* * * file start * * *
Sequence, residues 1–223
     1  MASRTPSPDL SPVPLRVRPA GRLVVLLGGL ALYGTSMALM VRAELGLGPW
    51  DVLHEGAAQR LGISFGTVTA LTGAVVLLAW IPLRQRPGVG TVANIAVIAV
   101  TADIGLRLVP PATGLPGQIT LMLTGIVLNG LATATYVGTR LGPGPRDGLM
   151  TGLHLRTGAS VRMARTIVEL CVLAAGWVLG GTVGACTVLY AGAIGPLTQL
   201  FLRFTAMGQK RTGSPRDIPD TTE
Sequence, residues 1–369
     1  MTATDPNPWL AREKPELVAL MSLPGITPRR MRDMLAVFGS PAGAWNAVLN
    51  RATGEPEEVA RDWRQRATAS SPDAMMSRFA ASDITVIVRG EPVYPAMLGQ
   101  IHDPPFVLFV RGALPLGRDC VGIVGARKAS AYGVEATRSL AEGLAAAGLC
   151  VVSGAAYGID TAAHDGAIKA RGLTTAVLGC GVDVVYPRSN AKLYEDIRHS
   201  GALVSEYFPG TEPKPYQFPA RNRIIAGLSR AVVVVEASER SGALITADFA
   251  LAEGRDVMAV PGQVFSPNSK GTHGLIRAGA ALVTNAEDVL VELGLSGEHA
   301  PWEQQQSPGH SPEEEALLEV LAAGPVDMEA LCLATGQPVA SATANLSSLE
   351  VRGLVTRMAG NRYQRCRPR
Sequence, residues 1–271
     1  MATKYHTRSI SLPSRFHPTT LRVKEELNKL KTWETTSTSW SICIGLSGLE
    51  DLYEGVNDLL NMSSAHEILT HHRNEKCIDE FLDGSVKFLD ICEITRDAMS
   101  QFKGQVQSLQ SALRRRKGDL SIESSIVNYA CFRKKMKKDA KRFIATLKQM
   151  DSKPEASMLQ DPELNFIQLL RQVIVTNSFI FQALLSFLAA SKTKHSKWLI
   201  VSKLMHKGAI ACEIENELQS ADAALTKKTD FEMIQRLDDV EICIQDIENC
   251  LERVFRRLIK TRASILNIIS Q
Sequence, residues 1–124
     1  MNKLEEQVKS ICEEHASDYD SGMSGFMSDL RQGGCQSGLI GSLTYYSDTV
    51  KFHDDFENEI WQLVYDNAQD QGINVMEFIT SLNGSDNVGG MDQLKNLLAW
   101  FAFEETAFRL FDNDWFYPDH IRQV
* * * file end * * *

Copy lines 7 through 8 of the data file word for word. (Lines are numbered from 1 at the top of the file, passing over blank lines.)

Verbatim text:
Sequence, residues 1–369
     1  MTATDPNPWL AREKPELVAL MSLPGITPRR MRDMLAVFGS PAGAWNAVLN